Pollution caused by coal triggered an estimated 670,000 premature deaths in China in 2012, a study by top universities and a government department has revealed, a shocking reminder of the way industrial smog is impacting the second largest economy of the world.
At least 70 percent of China experienced deadly smog that year and people were exposed to 10 times more pollution than World Health Organisation’s recommended annual concentration of 10mcg/cubic metre of PM2.5.
The study, accessed by the South China Morning Post, was based on research conducted by China’s elite Peking and Tsinghua universities and the China Academy of Environmental Planning.
Damage to the environment and health added up to 260 Yuan (Rs 2600) for each tone of coal produced and used in 2012, Teng Fei, associate professor at Tsinghua University told SCMP.
“With existing environmental fees and taxes of between 30 (Rs 300) to 50 Yuan (Rs 500) for each tonne of coal, the country's current pricing system has largely failed to reflect the true costs," Teng told the Hong Kong-based newspaper.
According to the research, the pollutants were primarily linked to four diseases – chronic obstructive pulmonary disease, lung cancer, strokes and coronary heart diseases.
Pollutants from coal also contaminated ground water and caused occupational diseases among industrial workers.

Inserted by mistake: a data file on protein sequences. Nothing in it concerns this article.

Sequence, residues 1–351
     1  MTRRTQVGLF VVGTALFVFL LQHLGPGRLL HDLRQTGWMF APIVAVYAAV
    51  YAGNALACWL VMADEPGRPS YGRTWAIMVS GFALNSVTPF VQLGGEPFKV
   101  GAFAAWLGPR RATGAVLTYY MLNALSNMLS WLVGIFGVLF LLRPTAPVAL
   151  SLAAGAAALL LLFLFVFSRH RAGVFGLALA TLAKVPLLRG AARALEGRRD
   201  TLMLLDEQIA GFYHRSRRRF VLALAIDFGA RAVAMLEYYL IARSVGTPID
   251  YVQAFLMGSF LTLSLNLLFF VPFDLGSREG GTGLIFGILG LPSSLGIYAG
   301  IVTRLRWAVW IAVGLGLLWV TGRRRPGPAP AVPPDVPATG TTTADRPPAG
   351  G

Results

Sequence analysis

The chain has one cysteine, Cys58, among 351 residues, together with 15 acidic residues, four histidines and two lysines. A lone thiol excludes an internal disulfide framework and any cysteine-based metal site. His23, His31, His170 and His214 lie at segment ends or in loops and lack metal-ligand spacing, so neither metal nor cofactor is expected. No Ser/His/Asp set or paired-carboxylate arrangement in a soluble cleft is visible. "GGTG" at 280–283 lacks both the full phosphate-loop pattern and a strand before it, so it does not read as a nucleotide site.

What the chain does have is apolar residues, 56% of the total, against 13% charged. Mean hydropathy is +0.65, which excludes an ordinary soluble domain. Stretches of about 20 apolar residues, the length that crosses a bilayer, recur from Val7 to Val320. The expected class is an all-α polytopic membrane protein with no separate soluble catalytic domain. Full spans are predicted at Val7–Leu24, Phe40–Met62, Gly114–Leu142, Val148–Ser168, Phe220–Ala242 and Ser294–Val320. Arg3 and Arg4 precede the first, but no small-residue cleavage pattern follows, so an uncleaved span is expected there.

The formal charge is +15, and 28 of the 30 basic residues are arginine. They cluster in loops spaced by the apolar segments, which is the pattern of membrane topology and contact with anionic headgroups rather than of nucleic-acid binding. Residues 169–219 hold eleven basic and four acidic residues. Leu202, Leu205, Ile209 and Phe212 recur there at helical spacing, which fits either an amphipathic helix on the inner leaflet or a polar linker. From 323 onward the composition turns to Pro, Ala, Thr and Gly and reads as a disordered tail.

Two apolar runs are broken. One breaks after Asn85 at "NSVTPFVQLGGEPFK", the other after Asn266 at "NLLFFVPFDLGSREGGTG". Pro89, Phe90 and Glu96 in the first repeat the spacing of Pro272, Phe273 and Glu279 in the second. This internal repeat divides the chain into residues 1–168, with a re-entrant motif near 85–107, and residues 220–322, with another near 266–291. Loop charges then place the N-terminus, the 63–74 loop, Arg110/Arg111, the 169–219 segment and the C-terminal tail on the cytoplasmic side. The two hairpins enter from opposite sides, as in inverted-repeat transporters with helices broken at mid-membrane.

Worryingly, according to Li Guoxing, from Peking University's School of Public Health, the study is incomplete in collating the full damage as it is did not take into account medical costs connected other diseases like asthma.
China is the world’s largest carbon polluter though according to the International Energy Agency report, quoted recently in the Nature magazine said that China accounts for 56 percent of the US 250 billion worth renewable energy sector.
But China’s dependence on coal in its hyper-development drive over the last three decades has been leaving its damning impact on the country.
According to the study, in 2012, some 157 million people in China lived in areas where the annual PM2.5 concentration was higher than 100mcg/cubic metre - 10 times the WHO's recommendation.